A Capillary Pumped Loop (CPL) is an advanced two-phase heat transport device which utilizes capillary forces developed within porous wicks to move a working fluid. The advantage this system has over conventional thermal management systems is its ability to transfer large heat loads over long distances at a controlled temperature. Extensive ground testing and two flight experiments have been performed over the past decade which have demonstrated the potential of the CPL as a reliable and versatile thermal control system for space applications. While the performance of CPL's as “black boxes” is now well understood, the internal thermo-fluid dynamics in a CPL are poorly known due to the difficulty of taking internal measurements. In order to visualize transient thermohydraulic processes occurring inside an evaporator, a see-through capillary evaporator was built and tested at NASA's Goddard Space Flight Center.
Technical Paper

Testing of Flight Components for the Capillary Pumped Loop Flight Experiment

The Capillary Pumped Loop Flight Experiment (CAPL) is a prototype of the Earth Observing System (EOS) instrument thermal control systems. Four CAPL flight hardware components were tested in the Instrument Thermal Test Bed at NASA's Goddard Space Flight Center. The components tested were the capillary cold plates, capillary starter pump, heat pipe heat exchangers (HPHXs), and reservoir. The testing verified that all components meet or exceed their individual performance specifications. Consequently, the components have been integrated into the CAPL experiment which will be flown on the Space Shuttle in late 1993.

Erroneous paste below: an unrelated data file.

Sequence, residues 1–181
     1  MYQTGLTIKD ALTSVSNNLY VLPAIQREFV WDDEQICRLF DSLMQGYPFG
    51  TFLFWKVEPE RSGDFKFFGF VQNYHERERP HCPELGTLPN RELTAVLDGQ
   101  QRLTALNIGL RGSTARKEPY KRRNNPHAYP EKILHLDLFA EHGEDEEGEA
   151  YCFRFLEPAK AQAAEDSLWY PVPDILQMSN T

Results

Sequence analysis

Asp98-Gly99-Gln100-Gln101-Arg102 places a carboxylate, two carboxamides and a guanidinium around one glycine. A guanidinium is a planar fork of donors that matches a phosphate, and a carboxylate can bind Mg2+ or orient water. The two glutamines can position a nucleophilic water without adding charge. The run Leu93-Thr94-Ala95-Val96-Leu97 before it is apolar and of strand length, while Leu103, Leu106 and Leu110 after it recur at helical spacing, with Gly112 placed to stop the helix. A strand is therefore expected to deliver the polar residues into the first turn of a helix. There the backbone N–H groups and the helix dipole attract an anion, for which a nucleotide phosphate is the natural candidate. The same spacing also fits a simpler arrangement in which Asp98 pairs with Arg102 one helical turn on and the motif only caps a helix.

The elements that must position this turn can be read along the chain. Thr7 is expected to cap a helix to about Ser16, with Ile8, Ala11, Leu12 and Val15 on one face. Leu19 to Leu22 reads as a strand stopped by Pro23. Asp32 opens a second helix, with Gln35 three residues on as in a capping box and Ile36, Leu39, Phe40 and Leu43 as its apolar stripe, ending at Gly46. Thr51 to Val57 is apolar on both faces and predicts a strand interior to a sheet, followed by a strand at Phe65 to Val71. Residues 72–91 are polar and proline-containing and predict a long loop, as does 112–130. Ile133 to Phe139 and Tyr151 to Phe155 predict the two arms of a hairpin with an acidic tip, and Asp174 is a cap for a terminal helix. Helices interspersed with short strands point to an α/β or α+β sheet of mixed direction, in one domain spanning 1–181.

Technical Paper

An Improved High Power Hybrid capillary pumped loop

The High-Power Spacecraft Thermal Management (HPSTM) system was modified and upgraded to facilitate improved performance testing. Modifications to the system included augmenting the heat dissipation capacity of the condenser sink for steady-state high power operation, adding more pressure transducers to monitor pressure drops in various components of the system, installing pressure contact thermocouples on the evaporators to measure the heating surface temperature, providing a coolant loop to one of the evaporator plates for heat load sharing operation, installing a load cell on the reservoir to monitor transient fluid flows, and re-orienting the reservoir to reduce the effects of compressed vapor during transient operations. The system demonstrated a steady, continuous operation at a power input of 20 kW for 10 hours in the capillary mode. Test results also showed about 33% less variation of the reservoir set point temperature during power transients.
Technical Paper

Thermal Vacuum Testing of the Capillary Pumped Loop Flight Experiment

The Capillary Pumped Loop Flight Experiment (CAPL) is a prototype of the Earth Observing System (EOS) instrument thermal control systems, which are based on two-phase heat transfer technology. The CAPL experiment has been functionally tested in a thermal vacuum chamber at NASA's Goddard Space Flight Center (GSFC). The tests performed included start-up tests, simulated EOS instrument power profiles, low and high power profiles, a variety of uneven coldplate heating tests, subcooling requirement tests, an induced deprime test, reprimes, saturation temperature changes, and a hybrid (mechanical pump-assist) test. There were a few unexpected evaporator deprimes, but overall the testing was successful. The results of all of the tests are discussed, with emphasis on the deprimes and suspected causes.
Technical Paper

Hydrodynamic Aspects of Capillary Pumped Loops

The the past, the design of a Capillary Pumped Loop involved mainly on the thermodynamics and heat transfer aspects of the system. The fluid flow dynamics of the working fluid were deemed benign to the system performance. Recently theoretical and experimental studies have revealed several mechanisms that led to the deprime of the capillary pumps. These mechanisms were all related to the dynamics of the fluid movement inside the loop.